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  Topic Review (Newest First)
01-29-2018 10:19 AM
Herb Stoops
Quote:
Originally Posted by Semipro View Post
I quite working hard building zero clearance Inserts.
Fast cap makes tape for zero clearance for miter saws ( 5 strips 5.00) the-one your looking at has been on the saw for months
That is a heck of a good idea, right after I make a new ZC I have to make a miter cut and if I don't change back to an old one I ruin the new one.
Herb
01-27-2018 08:36 PM
Semipro
Clearance

I quite working hard building zero clearance Inserts.
Fast cap makes tape for zero clearance for miter saws ( 5 strips 5.00) the-one your looking at has been on the saw for months
01-27-2018 10:33 AM
CharleyL You really only need something to keep the out feed end of the insert from lifting if the rising teeth of the blade should catch on it. You really don't want to have the blade throw the insert at you. Otherwise, the insert that you make should remain in place with gravity. I install a small roll pin in the out feed end of the inserts that I make for my Unisaw, and thread four 1/4-28 holes in the four support locations to level the insert and install set screws. The finer 1/4-28 threads tend to not back off from vibration like the coarse 1/4-20 threads do. My inserts are made from scrap Corian, HDPE, or Baltic Birch plywood, basically whatever I have on hand, and I usually make 6-10 at a time, leaving them as blanks until I need to use them. Then I make the blade cut with the blade that it will be used with. After it is cut, I write the blade details on the bottom of the insert and I will only use the insert for the blade that it is matched to. When the slot wears or the insert is somehow damaged, I discard it and make a replacement from one of the blanks on hand. I consider a good zero clearance insert to be a necessity for clean, accurate, splinter free, and safe cutting of my project parts, and I replace them often.

I have made zero clearance inserts for many different saws, and the Unisaws are some of the easiest to make because they are basically just a big oval of 1/2" thick material. The older Delta Contractor saws use the same insert The Ridgid and DeWalt contractor saws and the Ryobi BT3000 and 3100 are some of the harder ones to make because of the irregular shapes that the lower portion of the inserts require. The easiest way to make these is to find a material of the correct thickness to make the top of the insert and then use a thicker material to make the irregularly shaped lower part, cutting the irregular shape with a scroll saw or band saw., Then glue the two layers together. Baltic Birch plywood usually works best for these because it is available in many different thicknesses and can be purchased in small pieces from hobby and scroll saw supply houses. On Baltic Birch inserts, a coat of polyurethane followed by a coat of paste wax on the top usually provides a smooth enough surface, with the poly providing a seal to keep humidity from affecting the fit of the insert in the saw opening,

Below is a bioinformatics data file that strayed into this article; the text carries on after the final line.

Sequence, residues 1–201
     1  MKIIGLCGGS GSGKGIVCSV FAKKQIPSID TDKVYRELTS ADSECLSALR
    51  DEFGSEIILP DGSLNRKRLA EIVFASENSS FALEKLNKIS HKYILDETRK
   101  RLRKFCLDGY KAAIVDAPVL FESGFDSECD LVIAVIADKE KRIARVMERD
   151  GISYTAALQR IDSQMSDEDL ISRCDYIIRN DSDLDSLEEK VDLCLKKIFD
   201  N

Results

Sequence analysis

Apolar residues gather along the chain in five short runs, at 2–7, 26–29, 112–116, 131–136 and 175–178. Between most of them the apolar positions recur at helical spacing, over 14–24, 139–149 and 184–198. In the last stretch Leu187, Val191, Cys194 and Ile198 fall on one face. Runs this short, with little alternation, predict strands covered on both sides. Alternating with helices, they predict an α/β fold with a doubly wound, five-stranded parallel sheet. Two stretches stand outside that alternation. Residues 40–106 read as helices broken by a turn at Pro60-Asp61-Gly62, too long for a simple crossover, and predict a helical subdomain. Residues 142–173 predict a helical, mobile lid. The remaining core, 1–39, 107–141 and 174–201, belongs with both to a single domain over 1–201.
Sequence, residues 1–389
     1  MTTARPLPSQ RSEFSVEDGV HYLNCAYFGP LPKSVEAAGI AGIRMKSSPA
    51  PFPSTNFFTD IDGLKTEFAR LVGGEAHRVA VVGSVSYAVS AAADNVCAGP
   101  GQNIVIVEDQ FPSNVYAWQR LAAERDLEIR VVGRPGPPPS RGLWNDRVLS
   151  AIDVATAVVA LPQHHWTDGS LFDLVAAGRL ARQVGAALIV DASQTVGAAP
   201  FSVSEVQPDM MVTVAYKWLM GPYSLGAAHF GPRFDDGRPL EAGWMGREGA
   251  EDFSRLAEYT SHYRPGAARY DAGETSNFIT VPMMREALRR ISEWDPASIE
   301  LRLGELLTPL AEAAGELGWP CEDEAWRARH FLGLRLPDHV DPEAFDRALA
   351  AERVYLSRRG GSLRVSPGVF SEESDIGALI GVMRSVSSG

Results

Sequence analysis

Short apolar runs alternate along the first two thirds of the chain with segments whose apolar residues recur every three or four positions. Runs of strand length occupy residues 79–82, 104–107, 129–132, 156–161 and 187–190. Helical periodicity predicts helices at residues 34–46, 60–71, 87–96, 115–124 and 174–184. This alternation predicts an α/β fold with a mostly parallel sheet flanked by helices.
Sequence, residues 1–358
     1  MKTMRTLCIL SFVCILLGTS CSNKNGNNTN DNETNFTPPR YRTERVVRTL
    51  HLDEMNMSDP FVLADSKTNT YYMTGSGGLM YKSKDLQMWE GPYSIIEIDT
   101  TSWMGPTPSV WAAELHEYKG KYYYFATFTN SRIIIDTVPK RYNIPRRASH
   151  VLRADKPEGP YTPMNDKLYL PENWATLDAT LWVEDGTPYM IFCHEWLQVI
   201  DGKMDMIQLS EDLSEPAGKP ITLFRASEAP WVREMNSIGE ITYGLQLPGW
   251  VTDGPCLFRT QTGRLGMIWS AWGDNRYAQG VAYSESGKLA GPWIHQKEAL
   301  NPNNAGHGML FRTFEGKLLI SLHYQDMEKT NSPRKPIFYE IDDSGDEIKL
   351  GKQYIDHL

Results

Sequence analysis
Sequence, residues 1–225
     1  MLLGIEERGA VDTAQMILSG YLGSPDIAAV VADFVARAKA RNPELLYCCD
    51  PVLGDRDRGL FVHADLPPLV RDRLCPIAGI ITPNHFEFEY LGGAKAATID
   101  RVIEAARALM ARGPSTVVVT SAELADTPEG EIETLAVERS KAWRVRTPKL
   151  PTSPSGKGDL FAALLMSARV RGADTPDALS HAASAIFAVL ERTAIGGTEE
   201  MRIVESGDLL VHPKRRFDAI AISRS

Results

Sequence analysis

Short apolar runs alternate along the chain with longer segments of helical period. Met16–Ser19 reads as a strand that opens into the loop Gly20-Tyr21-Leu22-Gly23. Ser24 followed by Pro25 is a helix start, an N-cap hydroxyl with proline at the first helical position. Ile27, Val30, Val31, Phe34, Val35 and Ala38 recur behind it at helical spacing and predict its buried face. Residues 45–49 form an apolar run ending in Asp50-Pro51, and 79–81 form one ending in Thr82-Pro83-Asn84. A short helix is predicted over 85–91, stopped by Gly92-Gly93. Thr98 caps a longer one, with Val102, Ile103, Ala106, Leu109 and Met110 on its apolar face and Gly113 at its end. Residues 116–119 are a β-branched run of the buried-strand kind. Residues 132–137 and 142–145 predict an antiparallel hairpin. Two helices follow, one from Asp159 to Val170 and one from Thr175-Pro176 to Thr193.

Charley
01-27-2018 08:42 AM
gmercer_48083 Thomas1389, I thought about using hot glue, but was not sure if it would stick to the casting and I didn't want to oil it. About set screws, my original Dewalt (aluminum) inserts have 4 set screws for adjusting the height, but I found that when adjusting one, it lifts the opposite edge which allows it to wobble. I use a well tuned hand plane on the bottom of the insert, shaving about .001" at a stroke to make the insert the right height. I couldn't do that on the laminate flooring because it was too thin. By gluing wood strips to the bottom, then sanding on a flat surface solved it. The other thing I found was the mdf insert was about .015" too tall when installed, but by shaving the bottom corrected it.
01-26-2018 08:37 PM
Stick486 most excellent tip Thomas...
01-26-2018 08:21 PM
thomas1389 The original insert on my saw has a pin that slips under a ridge at the outfeed end of the opening. it was sized to fit level with the table. When I make my own inserts I tap a little finishing nail into the end to slip under the ridge. I then put a little gob of hot melt glue on each of the four approximate corners, put it in place and sit a weight on it to keep it level till the glue cools. About 45 seconds or so. No leveling screws. No shims. No fiddling. No kidding. The glue sticks to the wood insert, not to the table casting.
01-26-2018 05:03 PM
Stick486 if this is your style of insert...
use a fostner bit to drill a rebate where the mounting screws go... this way you can use thicker materials...
do the same for support tabs...
if there is a support rim/ledge rabbet fit...
leveling screws go in the rim/ledge/tabs and not the insert...
01-26-2018 04:27 PM
kklowell My Delta has two screws to hold the insert in, one front and one back. It's also hard to make a zero clearance insert for because it's like the King saw above and only has a depth of about 1/8" (if that) around the edge. I did make a plywood insert for it, but it was hard to level. A couple of things in this thread have me thinking though and I'm going to see it there's any way to use set screws and laminate flooring, which I have plenty of.
01-26-2018 02:08 PM
hawkeye10 To level mine I buy set screws at the hardware store. Then I drill my holes in the zero insert plate and let the set screws make their own threads. Adjust the screws until the plate is level. The screws will stay where you put them and when the plate is worn out remove the set screws and use them again.
01-26-2018 10:09 AM
BrianS Gary, I know what you mean about plywood having a drag. First one I made was from 1/2" ply and I had to put a coating of paste wax on it. I have a Ridgid 4511 and use nothing to hold my insert in place. I installed 4 screws on the underside for leveling purposes.
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